Buying foreclosed real estate

Sylvia Porter

October 17, 1990|By Sylvia Porter | Sylvia Porter,1989 Los Angeles Times Syndicate, Times Mirror Square, Los Angeles, Calif. 90053

The advertisements on radio tell about the killing to be made by purchasing real estate that has come on the market due to the failure of savings institutions. One lucky fellow even got a house for a dollar, the announcer exclaims.

All you have to do, these commercials say, is call a toll-free number and subscribe to a service that will send you all the information. The commercials are completely legal, as is the service they provide.

But the impression you may get is misleading. First, the information provided by the company is available free, or at very low cost, directly from the U.S. government. Second, the Resolution Trust Corporation (RTC), which is handling the sale of this kind of real estate, is doing everything it can to keep the prices up.

"The RTC is selling these properties at market prices," says Kate Spears, an RTC spokesman. "There is no fire sale.

"We need to get the greatest amount of money possible from these properties, so we're asking a fair price. The more we get for them, the fewer taxpayer dollars will be necessary to make up the difference."

There's another reason it would be foolish to sell this kind of real estate at ridiculously low prices: it would further depress an already sliding real estate market, forcing more savings institutions into trouble. This, in turn, would require additional RTC intervention -- and increase the number of properties it had to sell.

So while there are good values available, there are not properties for sale at giveaway prices.

"Most of our sales are handled through real estate agents working under contract," Spears said. "A lot of these properties -- most, in fact -- were on the market long before we became involved."

The RTC inventory includes almost every kind of real estate: homes, shopping centers, apartment buildings, office buildings. Potential buyers should remember that they are on the market for a reason. Often there is an economic downturn in the region.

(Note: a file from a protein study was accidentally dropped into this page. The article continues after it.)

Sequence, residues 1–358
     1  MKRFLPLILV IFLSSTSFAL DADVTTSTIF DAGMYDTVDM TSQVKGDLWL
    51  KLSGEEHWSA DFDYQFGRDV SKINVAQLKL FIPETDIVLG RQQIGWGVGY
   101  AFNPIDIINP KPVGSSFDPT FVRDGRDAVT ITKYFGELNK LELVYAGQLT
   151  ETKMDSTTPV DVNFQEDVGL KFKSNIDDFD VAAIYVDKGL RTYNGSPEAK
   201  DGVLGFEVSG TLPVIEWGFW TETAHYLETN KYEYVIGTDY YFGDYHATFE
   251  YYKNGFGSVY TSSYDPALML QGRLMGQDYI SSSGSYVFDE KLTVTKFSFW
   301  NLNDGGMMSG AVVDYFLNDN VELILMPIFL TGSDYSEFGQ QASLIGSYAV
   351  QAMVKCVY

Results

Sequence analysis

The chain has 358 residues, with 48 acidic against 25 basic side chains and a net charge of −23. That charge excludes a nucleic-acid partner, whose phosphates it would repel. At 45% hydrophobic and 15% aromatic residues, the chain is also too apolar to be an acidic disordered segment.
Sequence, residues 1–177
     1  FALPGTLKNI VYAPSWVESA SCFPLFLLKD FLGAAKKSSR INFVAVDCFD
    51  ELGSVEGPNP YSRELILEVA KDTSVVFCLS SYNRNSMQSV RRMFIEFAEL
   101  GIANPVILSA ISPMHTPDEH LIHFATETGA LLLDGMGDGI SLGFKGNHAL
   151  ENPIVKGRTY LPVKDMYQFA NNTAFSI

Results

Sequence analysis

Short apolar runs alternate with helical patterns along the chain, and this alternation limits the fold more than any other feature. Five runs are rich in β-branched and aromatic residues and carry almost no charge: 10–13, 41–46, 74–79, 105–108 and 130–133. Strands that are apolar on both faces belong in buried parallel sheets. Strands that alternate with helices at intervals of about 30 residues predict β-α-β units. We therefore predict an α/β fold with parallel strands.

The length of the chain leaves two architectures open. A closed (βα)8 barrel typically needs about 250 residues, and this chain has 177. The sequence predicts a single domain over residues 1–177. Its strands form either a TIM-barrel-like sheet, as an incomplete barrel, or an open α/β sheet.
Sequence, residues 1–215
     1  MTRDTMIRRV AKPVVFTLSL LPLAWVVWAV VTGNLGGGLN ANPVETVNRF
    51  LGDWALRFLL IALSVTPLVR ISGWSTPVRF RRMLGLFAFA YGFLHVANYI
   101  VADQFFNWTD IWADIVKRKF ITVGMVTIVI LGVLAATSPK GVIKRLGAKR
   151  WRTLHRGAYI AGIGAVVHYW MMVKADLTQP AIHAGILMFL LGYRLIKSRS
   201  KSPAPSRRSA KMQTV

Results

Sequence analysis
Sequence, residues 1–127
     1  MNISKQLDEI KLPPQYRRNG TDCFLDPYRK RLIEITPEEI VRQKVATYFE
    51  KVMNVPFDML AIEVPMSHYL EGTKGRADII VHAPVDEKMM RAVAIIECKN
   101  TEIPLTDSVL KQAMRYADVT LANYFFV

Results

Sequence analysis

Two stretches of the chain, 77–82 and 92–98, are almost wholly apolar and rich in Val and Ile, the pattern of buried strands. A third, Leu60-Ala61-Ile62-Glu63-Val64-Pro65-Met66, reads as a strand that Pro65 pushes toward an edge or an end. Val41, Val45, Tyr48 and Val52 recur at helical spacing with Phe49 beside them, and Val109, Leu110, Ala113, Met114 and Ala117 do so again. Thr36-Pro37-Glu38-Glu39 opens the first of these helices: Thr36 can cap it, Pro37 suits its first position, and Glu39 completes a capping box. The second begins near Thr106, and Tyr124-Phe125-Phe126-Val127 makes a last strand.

In any case, you can find out about these properties easily, without having to subscribe to anything. There is a document called the "RTC Asset Inventory" that's available at any Federal Document Depositor Library -- an imposing name attached to a local library that has set aside space where you can look at federal documents. There's a good chance your local library is one of these; if not, its reference desk can tell you the location of the nearest one.

The "RTC Asset Inventory" is just that -- a listing of all properties the RTC has to offer. It is updated every six months, most recently in July. Of course, things have been happening fairly quickly in the savings industry, so even a listing published in July will be to some extent outdated. The Resolution Trust Corp. has taken this into account and offers a couple of ways whereby you can get the latest information at modest cost.

The one you are most likely to use involves a toll-free number, (800) 782-3006. You call the number, explain the kind of properties and locations you're interested in, and a custom-made listing is printed and sent to you.

"You need to be specific -- for instance, single-family homes in a certain town or county," Spears explained. "You can't simply say 'everything on the East Coast.' "

There is a charge for this. The minimum charge is $5 for a list with up to 50 entries. The cost is 10 cents per entry beyond that.

For those who have home computers, the RTC has its listings available on both floppy disk and CD-ROM, as well as an on-line computer that you can dial up using your computer and modem. Prices for these products and services vary. To get more information, call (800) 782-2990.

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